Wednesday, December 5, 2007

Book review: The Man Who Was Thursday

Nothing is quite as it seems in The Man Who Was Thursday by G.K. Chesterton. If you haven’t read this classic thriller by the Englishman who influenced C.S. Lewis and J.R.R. Tolkien, put it on your reading list.

Thursday is the story of a passionate Scotland Yard detective who infiltrates a band of anarchists. Or are they? The Central Anarchist Council has pledged itself to destroy civilization – or has it?

There is humor and a puzzle at every turn as the young detective follows the baffling threads of evidence to a surprising conclusion.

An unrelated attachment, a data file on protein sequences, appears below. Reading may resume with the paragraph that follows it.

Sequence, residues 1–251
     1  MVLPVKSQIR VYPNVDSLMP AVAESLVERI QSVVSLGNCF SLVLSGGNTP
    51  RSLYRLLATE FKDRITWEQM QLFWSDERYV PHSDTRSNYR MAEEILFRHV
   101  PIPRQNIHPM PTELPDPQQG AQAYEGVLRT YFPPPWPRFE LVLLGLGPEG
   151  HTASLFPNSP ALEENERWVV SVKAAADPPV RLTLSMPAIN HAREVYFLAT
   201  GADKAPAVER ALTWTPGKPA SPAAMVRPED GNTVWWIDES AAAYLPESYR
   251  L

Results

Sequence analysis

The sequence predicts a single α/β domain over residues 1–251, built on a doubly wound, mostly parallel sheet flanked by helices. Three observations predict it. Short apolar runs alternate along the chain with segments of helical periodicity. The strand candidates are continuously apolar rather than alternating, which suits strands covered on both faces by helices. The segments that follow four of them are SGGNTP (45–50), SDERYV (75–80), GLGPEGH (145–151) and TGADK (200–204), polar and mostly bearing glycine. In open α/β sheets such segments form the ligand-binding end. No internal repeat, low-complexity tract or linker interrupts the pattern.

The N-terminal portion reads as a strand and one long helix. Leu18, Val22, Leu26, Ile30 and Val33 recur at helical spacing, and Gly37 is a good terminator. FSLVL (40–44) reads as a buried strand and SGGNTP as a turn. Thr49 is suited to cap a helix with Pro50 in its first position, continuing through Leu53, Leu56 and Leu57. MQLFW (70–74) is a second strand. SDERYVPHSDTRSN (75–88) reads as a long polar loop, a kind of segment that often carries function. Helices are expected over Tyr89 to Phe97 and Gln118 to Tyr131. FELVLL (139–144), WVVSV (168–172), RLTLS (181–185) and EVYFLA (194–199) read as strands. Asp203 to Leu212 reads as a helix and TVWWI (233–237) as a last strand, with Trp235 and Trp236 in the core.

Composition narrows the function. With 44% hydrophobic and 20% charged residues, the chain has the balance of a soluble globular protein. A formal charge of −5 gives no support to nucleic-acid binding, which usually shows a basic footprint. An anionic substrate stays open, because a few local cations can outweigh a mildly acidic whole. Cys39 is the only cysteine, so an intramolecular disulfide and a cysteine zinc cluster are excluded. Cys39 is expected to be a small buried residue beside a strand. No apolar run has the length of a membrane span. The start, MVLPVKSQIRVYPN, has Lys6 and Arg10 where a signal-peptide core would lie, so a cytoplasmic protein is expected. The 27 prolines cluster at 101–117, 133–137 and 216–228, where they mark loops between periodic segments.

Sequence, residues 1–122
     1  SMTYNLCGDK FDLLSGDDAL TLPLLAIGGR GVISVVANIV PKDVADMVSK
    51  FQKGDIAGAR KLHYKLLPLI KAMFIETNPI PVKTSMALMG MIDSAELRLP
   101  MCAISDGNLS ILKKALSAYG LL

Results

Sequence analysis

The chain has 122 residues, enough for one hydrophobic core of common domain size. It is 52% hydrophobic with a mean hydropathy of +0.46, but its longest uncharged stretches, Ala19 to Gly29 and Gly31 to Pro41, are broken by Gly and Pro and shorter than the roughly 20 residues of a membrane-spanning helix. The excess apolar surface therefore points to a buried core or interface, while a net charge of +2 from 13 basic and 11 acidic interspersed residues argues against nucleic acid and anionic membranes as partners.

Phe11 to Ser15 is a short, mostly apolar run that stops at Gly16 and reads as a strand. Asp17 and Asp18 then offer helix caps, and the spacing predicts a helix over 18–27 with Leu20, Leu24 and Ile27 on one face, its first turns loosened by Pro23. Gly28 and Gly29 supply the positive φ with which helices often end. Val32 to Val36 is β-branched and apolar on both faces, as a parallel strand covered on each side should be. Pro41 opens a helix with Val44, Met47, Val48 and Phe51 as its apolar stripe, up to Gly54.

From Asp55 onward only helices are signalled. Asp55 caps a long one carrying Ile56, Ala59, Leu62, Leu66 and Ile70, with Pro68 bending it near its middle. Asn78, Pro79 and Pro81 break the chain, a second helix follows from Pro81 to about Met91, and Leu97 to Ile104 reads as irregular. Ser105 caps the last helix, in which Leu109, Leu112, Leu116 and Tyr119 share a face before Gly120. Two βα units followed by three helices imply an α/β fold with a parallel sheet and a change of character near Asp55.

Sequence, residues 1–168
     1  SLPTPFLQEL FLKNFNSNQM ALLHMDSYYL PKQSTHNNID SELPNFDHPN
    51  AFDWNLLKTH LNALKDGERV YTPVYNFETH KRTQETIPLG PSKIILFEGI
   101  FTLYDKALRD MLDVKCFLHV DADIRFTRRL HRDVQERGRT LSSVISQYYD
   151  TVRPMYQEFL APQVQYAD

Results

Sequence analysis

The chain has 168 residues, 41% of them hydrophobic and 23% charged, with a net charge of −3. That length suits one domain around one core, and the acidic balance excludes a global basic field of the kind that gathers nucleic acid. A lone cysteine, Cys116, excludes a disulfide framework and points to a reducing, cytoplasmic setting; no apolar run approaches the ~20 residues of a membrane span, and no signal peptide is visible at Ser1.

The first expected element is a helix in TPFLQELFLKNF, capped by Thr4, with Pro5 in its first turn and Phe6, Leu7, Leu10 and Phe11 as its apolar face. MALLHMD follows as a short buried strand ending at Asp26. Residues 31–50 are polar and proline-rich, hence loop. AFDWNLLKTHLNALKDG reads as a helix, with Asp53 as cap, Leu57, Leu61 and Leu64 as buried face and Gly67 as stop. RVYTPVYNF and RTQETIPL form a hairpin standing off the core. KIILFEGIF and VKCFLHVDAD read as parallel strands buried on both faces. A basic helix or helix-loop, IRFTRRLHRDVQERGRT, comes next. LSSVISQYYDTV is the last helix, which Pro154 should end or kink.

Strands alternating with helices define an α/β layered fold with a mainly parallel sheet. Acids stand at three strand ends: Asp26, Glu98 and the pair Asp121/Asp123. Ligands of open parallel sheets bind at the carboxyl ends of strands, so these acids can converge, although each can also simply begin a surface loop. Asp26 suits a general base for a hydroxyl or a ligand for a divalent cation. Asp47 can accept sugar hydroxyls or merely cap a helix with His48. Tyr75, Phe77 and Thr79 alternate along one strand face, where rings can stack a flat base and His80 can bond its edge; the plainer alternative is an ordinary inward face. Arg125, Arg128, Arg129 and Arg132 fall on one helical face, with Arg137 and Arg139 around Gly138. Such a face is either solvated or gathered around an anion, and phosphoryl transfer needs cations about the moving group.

If you’re a wordsmith, Chesterton’s writing is must-read. His descriptions are a study in word choices, never extravagant and yet very apt for his purpose.

And underlying this story of twists and turns is a insightful probe into human nature. What motivates the young detective? What motivates the anarchists? What can be believed? How do our perceptions shape our actions?

In the end, Chesterton reveals more than the answer to the riddle. He lays open our assumptions about the very nature of God. You may close the book with more questions than answers, but that’s part of Chesterton’s intent.

For he wants you to acknowledge that often things are not as they seem.


Maxine said...

Kathy, this sounds so good! It sounds like just my kind of book. I only wish I had time to read it. I guess I should make time. I'll look for it on the internet. Maybe ask for it for Christmas?

Kathy at Sumballo said...

Maxine, I think you'd like it. I'm starting to check out more of Chesterton's work. He's a great writer and very perceptive about human nature.